This Breda Xanthos Damasco has a beautifully figured and beautifully finished stock set. The steel receiver is unique in inertia guns and engraving applied to steel invariably looks better than when attempted on aluminum alloy. The chokes are interchangeable with the Benelli "Crio Plus" style. The stock is adjustable for drop and shims are supplied. The recoil pad isn't much of a pad at all, just a piece of hard rubber. The Breda USA website says the Xanthos has a two year warranty, but the owner's manual states that it has a three year warranty. Warranty work, if needed, is supplied by Cole Gunsmithing.

The 30 inch barrel on the Xanthos Damasco is a bit much for an inertia gun. With the long receiver of inertia actions, 26 inch barrels (and even 24 inch) are more appealing to me, for my uses. Breda lists 24, 26, 28, and 30 inch barrels as available although I get the impression the 24 inch barrel has iron sights. Some will be put off by the sticker shock of the Damasco, but this is the top of the line model. I've seem standard grade walnut Xanthos models go for $1125 street price or thereabouts, a much more attractive level for what is ostensibly a hunting gun with some use for casual clays. Mechanically and functionally, all trim levels of the Xanthos are the same.

The modern inertia action has been around for a very long time: see United States patent #3,447,417 filed February 27, 1967, patented June 3, 1969, by Bruno Civolani. Shopped to several manufacturers without success, it was finally assigned to the Benelli Brothers motorcycle company (long defunct) and served as the basis for their firearms venture. Benelli Armi SpA was founded in 1967. Benelli firearms failed as well as an independent entity, being absorbed into the Beretta family in 2000 where it still resides. As the Civolani patents have expired, now anyone who wants to make an inertia gun can, and that's why there is a glut of inertia guns on the market from Girsan, Weatherby, SKB, Browning, as well as the common trio of Beretta brands: Franchi, Stoeger, and Benelli.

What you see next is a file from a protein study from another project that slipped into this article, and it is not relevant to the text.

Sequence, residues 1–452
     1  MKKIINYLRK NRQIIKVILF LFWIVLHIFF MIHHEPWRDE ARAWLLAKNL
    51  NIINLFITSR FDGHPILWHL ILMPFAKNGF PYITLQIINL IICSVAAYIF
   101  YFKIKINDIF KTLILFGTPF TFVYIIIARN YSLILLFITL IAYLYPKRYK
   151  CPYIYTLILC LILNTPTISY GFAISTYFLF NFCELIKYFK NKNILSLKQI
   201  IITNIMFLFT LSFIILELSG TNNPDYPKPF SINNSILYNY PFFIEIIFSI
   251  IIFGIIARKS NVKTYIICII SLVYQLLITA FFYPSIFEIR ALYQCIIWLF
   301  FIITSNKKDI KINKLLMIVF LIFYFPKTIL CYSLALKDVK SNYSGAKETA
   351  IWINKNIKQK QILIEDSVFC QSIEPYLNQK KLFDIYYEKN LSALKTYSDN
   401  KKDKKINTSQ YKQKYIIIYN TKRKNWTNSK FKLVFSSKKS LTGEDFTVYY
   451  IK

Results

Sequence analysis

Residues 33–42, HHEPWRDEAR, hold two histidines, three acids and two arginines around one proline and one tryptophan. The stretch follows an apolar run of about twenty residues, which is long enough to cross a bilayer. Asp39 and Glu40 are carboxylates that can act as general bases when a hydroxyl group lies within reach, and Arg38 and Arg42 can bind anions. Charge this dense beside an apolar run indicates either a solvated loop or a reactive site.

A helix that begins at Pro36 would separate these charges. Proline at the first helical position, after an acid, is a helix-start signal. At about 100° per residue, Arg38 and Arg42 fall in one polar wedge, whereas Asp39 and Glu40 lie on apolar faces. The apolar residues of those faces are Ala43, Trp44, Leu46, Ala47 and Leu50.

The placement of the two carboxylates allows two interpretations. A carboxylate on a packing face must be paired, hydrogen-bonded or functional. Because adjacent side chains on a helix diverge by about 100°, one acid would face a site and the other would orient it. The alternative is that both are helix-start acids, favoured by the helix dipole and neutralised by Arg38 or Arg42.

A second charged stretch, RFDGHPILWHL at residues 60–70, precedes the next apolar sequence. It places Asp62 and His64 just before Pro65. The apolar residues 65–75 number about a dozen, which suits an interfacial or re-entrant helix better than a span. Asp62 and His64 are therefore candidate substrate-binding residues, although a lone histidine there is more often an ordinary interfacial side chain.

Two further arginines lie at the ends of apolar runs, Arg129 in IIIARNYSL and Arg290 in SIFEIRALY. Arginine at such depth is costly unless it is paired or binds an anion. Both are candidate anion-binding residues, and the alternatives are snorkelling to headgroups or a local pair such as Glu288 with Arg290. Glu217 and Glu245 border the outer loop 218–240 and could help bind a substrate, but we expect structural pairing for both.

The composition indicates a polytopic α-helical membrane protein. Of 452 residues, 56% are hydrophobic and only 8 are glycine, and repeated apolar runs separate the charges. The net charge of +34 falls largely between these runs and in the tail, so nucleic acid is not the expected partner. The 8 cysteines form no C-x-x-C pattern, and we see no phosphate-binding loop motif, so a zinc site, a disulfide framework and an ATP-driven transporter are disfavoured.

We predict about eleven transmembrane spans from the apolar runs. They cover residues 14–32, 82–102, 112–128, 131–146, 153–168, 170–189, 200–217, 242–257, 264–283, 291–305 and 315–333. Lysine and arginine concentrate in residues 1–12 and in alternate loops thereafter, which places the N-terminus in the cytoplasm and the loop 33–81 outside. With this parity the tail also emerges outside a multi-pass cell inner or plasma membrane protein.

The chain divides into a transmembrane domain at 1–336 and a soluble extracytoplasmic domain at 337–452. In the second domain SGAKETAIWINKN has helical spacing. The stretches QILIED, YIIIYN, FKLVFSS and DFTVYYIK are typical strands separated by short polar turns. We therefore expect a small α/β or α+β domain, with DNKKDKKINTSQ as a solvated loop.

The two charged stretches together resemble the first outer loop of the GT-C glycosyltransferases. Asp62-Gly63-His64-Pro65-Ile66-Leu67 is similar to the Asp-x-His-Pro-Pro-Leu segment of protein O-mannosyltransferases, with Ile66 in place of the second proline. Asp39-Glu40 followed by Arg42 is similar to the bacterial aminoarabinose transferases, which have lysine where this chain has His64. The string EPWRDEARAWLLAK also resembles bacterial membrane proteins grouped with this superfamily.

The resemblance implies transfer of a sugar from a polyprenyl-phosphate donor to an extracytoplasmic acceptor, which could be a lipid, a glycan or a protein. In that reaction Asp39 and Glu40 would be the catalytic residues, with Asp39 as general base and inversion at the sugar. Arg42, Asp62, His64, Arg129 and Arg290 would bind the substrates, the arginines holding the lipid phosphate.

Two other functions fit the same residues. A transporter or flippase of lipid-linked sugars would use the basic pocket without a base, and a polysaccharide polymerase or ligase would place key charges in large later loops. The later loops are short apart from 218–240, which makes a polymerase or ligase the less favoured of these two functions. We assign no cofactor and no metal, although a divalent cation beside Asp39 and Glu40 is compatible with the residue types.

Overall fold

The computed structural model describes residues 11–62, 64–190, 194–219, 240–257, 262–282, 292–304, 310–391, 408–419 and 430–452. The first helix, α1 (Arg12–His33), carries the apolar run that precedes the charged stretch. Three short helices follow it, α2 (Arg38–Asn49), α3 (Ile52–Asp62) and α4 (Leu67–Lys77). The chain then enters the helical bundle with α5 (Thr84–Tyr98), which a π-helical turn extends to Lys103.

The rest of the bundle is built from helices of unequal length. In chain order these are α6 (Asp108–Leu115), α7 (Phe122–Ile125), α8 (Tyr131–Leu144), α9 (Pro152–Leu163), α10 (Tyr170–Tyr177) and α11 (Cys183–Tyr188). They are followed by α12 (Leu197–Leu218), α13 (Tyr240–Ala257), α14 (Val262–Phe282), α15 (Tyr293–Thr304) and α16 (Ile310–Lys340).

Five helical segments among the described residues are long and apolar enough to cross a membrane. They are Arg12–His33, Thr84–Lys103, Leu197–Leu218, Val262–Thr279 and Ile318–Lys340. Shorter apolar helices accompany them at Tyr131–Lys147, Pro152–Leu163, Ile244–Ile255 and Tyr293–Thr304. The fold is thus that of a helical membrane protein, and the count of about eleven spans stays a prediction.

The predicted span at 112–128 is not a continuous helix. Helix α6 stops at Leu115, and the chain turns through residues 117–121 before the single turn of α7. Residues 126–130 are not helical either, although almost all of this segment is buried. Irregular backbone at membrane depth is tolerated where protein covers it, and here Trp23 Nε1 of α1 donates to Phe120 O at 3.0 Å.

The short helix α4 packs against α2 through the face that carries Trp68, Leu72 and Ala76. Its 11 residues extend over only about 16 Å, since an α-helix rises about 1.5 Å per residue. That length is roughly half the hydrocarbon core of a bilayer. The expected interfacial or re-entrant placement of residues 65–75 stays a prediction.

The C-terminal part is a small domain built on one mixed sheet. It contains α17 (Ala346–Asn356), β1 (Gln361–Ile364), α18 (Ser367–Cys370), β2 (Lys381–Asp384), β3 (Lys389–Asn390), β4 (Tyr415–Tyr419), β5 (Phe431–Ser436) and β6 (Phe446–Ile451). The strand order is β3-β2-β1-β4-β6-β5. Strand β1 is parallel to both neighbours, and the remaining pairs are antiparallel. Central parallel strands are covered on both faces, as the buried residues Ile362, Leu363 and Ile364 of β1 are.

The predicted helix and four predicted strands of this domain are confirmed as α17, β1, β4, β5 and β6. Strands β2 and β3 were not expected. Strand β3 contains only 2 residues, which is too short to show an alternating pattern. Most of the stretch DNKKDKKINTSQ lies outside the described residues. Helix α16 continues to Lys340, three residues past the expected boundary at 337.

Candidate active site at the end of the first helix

The Breda Xanthos not only uses a steel receiver, but has a heavier bolt that is claimed to reduce recoil, with a top locking lug. Whether one design is an advantage over the other is hard to say, as the latest offering from Breda is their 930i Sporting which uses a two piece alloy receiver. Prices for inertia guns are currently all over the map. For example, the current Benelli 25th Anniversary Super Black Eagle has a nosebleed MSRP of $3199. The plastic (“black synthetic”) Benelli M2 has an MSRP of $1139.

The initial impressions of the Breda Xanthos Damasco are that it has a remarkably better trigger, better polish and bluing than most autoloaders, and generally better fit and finish than most autoloaders as well. The Xanthos also has very good shell handling and includes a magazine cut-off as well.

On the not so hot side, the lack of any attempt at a reasonable recoil pad is a puzzlement. Although the Xanthos shoulders and swings nicely, the reach from the pistol grip to the physical trigger is almost too far, forcing some shooters to use just the very tip of the forefinger to pull the trigger. More to come in Part Two.

Copyright 2016 by Randy Wakeman. All Rights Reserved.